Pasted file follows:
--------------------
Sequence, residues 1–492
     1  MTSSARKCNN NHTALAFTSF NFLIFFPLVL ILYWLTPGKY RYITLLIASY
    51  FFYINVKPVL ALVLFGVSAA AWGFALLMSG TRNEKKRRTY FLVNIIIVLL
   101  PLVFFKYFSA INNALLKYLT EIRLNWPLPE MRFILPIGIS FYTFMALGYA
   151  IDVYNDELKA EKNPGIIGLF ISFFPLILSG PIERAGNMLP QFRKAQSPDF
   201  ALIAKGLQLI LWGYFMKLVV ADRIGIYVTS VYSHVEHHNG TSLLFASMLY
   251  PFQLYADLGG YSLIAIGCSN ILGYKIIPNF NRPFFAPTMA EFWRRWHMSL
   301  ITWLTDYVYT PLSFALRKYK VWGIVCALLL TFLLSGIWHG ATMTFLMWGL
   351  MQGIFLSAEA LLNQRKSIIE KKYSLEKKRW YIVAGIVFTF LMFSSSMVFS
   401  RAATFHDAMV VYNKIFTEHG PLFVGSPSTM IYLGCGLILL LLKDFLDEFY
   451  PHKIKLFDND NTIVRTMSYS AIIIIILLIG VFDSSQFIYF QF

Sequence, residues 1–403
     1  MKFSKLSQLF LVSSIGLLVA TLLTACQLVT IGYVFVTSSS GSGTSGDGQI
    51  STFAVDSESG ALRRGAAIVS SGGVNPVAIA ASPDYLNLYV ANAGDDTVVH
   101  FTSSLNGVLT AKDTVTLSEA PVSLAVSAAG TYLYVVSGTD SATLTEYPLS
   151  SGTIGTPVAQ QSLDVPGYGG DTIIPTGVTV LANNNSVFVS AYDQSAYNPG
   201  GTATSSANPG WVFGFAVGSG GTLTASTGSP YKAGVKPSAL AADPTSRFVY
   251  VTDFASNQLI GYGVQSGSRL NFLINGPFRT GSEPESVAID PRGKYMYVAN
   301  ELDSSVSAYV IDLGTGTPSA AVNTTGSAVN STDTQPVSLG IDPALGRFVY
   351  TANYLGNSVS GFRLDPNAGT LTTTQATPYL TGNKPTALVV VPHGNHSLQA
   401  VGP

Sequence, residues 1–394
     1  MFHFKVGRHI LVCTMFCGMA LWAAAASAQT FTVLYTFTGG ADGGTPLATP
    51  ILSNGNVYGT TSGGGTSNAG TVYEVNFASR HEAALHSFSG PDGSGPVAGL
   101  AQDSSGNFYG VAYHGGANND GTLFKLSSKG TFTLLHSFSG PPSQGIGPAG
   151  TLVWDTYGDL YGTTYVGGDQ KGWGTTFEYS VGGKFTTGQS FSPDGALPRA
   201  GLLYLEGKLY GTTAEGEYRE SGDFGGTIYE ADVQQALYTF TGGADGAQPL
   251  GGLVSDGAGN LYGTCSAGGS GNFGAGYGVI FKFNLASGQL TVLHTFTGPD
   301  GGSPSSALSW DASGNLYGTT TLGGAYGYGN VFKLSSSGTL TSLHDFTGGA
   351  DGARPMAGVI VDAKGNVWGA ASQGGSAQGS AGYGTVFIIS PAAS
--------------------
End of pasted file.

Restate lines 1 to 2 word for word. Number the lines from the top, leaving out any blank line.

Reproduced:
Sequence, residues 1–492
     1  MTSSARKCNN NHTALAFTSF NFLIFFPLVL ILYWLTPGKY RYITLLIASY